Rating Agencies on Watch
Green, Paula L., Global Finance
With a global reach but only three primary players, the powerful credit-rating business may finally be getting an overhaul and some new competitors.
By the end of March the US Securities and Exchange Commission will put out a 'concept release' that will investigate everything from conflicts of interest between the agencies and the corporations whose debt they rate to the red tape that now hinders the entry of new players. The SEC's next step will be absorbing comments on the concept release and then issuing proposed rules that will address the issues affecting the controversial credit-rating business.
"Credit rating agencies are supposed to be unbiased. But the dynamics of the situation cut against full objectivity," says Raphael Russo, an attorney and partner in the corporate department at Paul,Weiss, Rifkind,Wharton & Garrison in New York. Russo was referring to the fact that the corporations pay for the credit ratings provided by the credit agencies. "There's also a limited amount of companies that do it," he notes.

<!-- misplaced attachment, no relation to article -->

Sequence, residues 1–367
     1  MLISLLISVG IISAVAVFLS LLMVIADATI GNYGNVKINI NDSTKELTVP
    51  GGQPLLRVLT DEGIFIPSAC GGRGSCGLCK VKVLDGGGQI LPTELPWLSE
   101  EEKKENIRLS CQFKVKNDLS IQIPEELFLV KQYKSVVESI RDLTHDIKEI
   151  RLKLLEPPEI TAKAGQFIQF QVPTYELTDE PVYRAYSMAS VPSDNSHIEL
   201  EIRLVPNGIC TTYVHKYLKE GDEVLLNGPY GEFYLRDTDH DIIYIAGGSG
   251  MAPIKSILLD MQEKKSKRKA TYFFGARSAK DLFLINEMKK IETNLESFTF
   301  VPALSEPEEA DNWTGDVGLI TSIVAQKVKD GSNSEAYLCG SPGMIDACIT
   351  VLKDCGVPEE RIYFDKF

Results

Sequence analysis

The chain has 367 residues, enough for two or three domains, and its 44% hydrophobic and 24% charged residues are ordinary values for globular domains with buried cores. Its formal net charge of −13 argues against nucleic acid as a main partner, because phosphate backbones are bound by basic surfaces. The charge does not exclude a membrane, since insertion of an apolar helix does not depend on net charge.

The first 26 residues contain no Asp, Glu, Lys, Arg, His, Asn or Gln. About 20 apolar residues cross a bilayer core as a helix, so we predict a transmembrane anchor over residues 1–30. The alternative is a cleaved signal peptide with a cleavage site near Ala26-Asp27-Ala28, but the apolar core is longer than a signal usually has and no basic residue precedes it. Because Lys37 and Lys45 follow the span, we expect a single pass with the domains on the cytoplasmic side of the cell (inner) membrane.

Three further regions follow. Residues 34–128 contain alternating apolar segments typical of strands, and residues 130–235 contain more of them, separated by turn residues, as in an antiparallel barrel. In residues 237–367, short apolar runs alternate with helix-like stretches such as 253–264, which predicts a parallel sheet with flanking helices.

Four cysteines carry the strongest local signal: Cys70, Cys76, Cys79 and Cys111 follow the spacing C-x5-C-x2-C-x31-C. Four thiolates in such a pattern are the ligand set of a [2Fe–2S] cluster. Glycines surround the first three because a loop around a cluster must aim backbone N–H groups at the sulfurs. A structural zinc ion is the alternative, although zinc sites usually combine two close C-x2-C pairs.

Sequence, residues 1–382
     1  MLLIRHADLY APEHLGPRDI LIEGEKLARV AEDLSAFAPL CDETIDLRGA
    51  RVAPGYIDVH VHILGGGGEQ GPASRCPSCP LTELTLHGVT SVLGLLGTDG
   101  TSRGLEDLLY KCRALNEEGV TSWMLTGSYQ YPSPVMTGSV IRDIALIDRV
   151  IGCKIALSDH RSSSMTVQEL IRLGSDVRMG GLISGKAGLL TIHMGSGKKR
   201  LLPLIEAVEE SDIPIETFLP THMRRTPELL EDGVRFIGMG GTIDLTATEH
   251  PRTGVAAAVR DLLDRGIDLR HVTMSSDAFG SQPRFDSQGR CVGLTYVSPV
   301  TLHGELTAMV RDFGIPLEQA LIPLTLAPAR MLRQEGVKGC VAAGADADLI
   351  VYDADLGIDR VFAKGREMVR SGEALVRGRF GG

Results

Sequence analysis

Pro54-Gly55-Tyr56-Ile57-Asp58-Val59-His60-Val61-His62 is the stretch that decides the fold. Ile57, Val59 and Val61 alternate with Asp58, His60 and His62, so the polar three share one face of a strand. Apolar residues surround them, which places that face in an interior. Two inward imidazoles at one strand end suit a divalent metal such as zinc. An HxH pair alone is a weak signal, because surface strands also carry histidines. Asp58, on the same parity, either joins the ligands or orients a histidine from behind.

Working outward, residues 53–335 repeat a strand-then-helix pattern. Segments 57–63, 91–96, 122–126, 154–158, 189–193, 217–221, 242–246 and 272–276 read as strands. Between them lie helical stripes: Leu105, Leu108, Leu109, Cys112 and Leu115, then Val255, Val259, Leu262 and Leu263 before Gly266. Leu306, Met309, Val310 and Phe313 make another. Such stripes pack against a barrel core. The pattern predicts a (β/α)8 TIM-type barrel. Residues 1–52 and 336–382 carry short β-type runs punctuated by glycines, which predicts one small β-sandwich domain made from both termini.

The domination of the industry by three agencies-Moody's Investors Service, Standard & Poor's and Fitch Ratings (which, while based in the United States, is owned by the French financial group Fimalac)-has generated increasing controversy in the financial industry over the past year. Critics argue that the ratings agencies did not adequately warn investors of the impending failures of Enron, WorldCom and other companies that rocked international financial markets.They argue that increased competition could keep everybody on their toes.
One section of the Sarbanes-Oxley Act-the US Congress' response to the financial scandals-directs the SEC to look at the role and function of credit rating agencies in the operation of the securities markets. The SEC report, released in late January, coincided with a review of credit rating agencies already under way at the commission.
One issue now being investigated by the SEC is expanding the number of companies allowed to serve as nationally recognized statistical rating organizations, also known as NRSROs. …